In a letter, Kelly, the top-ranking Democrat on the House Oversight Committee, asked Apple to provide more insight into smartphone addiction among children who use its products. The letter also asked for information about actions the company is taking to curb the Spectre and Meltdown chip vulnerabilities and how Apple slowed down its phones without letting consumers know.

House Energy and Commerce Committee members Reps. Yvette ClarkeYvette Diane ClarkeAmazon adopts NFL rule to boost diversity on its board Black, Hispanic lawmakers hammer Amazon directors' opposition to diversity rule 'Diamond & Silk' offer chance for bipartisan push back on social media censorship MORE (D-N.Y.) and Jan SchakowskyJanice (Jan) Danoff SchakowskyStudents press Congress for action on guns Overnight Finance: Mulvaney remark on lobbyists stuns Washington | Macron takes swipe at Trump tariffs | Conservatives eye tax cut on capital gains | Gillibrand unveils post office banking bill | GOP chairman pushes banks on gun policies Overnight Tech: Highlights from Zuckerberg's second day of testimony | Trump signs anti-sex trafficking bill | Cambridge Analytica interim CEO steps down | IBM stops advertising on Laura Ingraham's show MORE (D-Ill.), as well as Congressional Black Caucus (CBC) members Reps. Emanuel Cleaver (D-Mo.), Bonnie Watson ColemanBonnie Watson ColemanAmazon adopts NFL rule to boost diversity on its board Black, Hispanic lawmakers hammer Amazon directors' opposition to diversity rule Apple tells senator it may give rebates to consumers who bought iPhone batteries MORE (D-N.J.), Marcia FudgeMarcia Louise FudgeDeVos grilled on civil rights for students Farm bill abandons endangered wildlife House rejects effort to condemn lawmaker for demanding 'Dreamer' arrests MORE (D-Ohio) and Marc VeaseyMarc Allison VeaseyHouse Dems launch '18 anti-poverty tour How much collateral damage will there be in the 2018 midterms? Armed Services chair: US should be 'alert' about Russian mercenaries in Syria MORE (D-Texas), signed the letter.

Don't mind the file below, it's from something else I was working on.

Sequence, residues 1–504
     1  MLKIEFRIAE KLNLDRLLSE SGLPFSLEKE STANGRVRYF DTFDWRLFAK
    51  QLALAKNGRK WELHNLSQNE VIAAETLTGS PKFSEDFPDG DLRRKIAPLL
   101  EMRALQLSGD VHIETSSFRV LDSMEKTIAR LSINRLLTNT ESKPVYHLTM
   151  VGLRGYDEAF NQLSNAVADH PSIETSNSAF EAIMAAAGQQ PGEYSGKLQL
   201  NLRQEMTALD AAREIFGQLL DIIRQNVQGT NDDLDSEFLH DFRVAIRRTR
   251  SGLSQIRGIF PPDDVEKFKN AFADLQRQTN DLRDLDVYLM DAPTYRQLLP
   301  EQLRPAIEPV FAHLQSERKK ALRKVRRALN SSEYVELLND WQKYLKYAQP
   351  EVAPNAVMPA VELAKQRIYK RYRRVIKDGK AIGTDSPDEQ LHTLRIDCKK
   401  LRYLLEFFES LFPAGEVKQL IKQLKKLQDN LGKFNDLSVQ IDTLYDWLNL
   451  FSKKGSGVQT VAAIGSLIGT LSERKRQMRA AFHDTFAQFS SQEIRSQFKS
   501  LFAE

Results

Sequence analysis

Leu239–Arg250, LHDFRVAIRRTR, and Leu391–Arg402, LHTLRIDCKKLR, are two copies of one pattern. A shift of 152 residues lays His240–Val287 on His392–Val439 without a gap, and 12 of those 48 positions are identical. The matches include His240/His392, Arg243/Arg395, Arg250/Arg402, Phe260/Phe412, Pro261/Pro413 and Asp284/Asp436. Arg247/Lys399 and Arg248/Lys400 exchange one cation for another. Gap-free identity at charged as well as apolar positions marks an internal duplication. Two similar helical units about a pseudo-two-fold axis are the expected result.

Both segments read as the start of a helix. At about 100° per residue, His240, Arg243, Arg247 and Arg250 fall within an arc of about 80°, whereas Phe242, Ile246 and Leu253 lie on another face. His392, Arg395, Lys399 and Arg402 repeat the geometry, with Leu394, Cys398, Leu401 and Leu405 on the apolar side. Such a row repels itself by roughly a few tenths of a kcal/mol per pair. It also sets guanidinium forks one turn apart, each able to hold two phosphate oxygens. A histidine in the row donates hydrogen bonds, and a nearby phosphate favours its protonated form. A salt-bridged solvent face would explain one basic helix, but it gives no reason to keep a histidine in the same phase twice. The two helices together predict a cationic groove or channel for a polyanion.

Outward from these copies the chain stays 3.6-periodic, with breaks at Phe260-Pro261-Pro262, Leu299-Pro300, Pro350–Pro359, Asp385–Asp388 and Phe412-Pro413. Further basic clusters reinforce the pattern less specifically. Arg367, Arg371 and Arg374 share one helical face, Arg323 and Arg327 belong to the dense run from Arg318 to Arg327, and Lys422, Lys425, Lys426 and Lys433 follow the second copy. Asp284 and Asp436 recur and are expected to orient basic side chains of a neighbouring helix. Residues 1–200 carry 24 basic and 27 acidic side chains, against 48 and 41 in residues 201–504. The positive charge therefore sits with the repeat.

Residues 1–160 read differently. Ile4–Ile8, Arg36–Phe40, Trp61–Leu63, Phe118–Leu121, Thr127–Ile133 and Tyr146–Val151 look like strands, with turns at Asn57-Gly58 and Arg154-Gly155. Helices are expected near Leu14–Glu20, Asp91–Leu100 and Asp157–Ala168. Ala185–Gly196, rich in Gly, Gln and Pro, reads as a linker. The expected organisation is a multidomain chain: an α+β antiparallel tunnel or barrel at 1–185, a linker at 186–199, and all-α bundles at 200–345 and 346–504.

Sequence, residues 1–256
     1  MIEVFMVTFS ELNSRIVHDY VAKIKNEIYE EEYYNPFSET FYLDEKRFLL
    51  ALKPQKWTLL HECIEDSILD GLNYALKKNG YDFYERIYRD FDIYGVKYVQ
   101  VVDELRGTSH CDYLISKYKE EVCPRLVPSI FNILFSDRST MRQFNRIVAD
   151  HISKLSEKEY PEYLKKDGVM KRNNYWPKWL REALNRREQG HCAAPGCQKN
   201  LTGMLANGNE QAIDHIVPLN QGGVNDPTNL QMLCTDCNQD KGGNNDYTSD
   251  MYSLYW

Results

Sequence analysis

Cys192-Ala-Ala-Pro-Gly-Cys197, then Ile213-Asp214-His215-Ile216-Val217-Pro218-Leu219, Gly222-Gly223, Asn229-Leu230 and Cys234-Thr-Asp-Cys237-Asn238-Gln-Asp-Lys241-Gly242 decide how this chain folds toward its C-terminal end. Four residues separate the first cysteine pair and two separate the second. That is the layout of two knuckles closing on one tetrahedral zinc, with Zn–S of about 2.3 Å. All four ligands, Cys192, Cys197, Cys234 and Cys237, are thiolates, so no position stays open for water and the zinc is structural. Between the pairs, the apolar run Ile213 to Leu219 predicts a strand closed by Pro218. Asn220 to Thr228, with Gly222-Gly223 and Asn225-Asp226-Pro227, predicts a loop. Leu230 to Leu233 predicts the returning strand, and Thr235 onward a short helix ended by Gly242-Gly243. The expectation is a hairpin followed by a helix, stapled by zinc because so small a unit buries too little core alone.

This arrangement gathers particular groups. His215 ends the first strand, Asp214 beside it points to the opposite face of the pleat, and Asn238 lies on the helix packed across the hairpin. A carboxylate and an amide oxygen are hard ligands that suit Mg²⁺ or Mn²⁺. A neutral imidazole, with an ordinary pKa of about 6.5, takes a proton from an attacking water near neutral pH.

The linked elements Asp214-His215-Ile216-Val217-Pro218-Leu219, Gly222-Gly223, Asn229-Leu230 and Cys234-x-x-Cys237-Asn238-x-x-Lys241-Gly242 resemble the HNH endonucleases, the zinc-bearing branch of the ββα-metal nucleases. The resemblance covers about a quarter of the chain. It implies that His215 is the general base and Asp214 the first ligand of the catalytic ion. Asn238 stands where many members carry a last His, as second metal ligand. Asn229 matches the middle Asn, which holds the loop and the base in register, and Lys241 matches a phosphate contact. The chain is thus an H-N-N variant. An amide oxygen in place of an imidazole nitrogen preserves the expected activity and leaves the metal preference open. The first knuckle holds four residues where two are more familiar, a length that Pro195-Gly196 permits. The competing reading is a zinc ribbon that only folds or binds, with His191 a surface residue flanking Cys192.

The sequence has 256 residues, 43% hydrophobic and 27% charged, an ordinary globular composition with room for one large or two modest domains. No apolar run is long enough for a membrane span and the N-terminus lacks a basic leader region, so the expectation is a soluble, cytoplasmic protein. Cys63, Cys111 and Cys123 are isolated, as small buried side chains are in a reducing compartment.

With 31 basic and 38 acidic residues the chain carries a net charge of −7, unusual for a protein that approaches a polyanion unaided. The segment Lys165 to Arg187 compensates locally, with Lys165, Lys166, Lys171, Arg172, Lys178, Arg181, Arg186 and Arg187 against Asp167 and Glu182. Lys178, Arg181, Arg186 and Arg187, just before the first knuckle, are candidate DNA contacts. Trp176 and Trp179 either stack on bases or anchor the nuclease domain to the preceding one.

The group's letter addresses issues that have created public relations headaches for Apple in recent weeks.

Read more here.

 

POLL: MOST AMERICANS UNCOMFORTABLE ABOUT SHARING ROADS WITH DRIVERLESS CARS: A recent poll found that a majority of Americans are worried about operating cars on the same roads as driverless vehicles.

Sixty-four percent of those surveyed said they are concerned about sharing the streets with driverless vehicles, according to a poll from Advocates for Highway & Auto Safety.